The final nail hit the coffin when I found out that Jack (obviously) was writing from a (politically) right wing perspective.
Now that could have been enough for me to put the book down and never think about it again. But then, I hadn’t had such a (negative) visceral reaction to something I read in such a long time, I thought I owed it to myself not to shy away from opinions that I find challenging to my own, and to finish reading the book.
So I did.
For the most part I agreed with his views on same sex marriage, and I did sympathise with some of his criticisms of modern gay culture as well as the caricature of masculinity prevalent in society, given that I too find both these quite constricting and at odds with how I live my life as a man.
Otherwise the rest of the book comes across as one angry man’s diatribe.
As I have already alluded to, the guy really doesn’t like feminist and from what I glean women generally (obvious given that he calls himself an androphile). However I found his overall discussion on historical masculinity and modern masculinity lacklustre and poorly developed. His arguments would potentially have greater strength if he was able to demonstrate a more nuanced understanding of the ancient cultures he draws from. This particularly bugged me given my academic background in ancient cultures, and how gender was constructed (particularly in the ancient Greek context). However in answer to this, his argues that this book is his “manifesto” and his opinion, as if this relieves him from doing a little more research than just skewing the (little) evidence he uses, for his own purposes.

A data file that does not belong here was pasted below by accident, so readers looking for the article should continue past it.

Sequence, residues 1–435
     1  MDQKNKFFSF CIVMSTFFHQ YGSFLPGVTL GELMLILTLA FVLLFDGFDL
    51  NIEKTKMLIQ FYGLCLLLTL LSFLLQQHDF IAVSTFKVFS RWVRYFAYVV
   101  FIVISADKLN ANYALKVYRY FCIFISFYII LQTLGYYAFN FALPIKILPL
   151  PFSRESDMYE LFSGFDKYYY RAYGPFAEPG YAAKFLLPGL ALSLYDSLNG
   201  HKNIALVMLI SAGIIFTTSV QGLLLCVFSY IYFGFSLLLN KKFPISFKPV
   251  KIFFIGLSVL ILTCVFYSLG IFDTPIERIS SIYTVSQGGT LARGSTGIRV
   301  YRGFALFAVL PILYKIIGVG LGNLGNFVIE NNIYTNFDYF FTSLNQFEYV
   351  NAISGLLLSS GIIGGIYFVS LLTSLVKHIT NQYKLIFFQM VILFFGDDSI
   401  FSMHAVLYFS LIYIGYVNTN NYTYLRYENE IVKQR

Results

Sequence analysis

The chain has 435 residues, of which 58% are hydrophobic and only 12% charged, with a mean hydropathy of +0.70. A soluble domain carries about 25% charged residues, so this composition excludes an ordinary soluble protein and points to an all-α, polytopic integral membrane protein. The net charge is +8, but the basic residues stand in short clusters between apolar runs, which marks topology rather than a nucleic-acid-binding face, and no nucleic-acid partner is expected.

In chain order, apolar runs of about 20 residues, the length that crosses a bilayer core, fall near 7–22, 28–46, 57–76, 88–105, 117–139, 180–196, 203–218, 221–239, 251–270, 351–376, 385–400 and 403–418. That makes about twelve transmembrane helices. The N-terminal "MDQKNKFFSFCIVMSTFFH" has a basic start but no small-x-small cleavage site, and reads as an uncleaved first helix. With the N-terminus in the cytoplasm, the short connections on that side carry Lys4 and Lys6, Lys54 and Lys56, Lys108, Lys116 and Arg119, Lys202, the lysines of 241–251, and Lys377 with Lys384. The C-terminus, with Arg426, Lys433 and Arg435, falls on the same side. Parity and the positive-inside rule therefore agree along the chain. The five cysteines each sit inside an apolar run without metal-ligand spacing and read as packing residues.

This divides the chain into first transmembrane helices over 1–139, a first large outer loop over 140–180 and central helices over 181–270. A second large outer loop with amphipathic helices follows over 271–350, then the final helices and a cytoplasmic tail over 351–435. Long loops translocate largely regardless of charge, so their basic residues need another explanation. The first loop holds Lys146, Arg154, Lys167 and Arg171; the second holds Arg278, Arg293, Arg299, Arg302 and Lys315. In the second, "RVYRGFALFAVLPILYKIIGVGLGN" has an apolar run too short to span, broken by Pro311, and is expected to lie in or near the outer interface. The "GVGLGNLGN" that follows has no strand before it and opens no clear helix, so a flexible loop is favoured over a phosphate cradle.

One of main issues with this book, is despite his continual harping on about masculinity and what it means to be a “man,” Donovan never actually DEFINES what he consider to be this wondrous “masculinity” which in his view needs reviving. Instead he rather vaguely relies on the the fact that “masculinity is universally understood.” To me this clearly adds weight to the fact that masculinity is not this static defined condition or thing. Rather it is ever evolving, changing, and being created by societies and the men (and women) living it.
I found his argument flawed and inconsistent. For example on one hand he posits that masculinity is essential to the male experience, differentiating men and women to the core. Then he goes on to say how masculinity needs to be earned and demonstrated. Surely if masculinity is essential to the male lived experience, it need not be demonstrated on a constant basis, but simple just IS in whatever shape or form man chooses to live his life.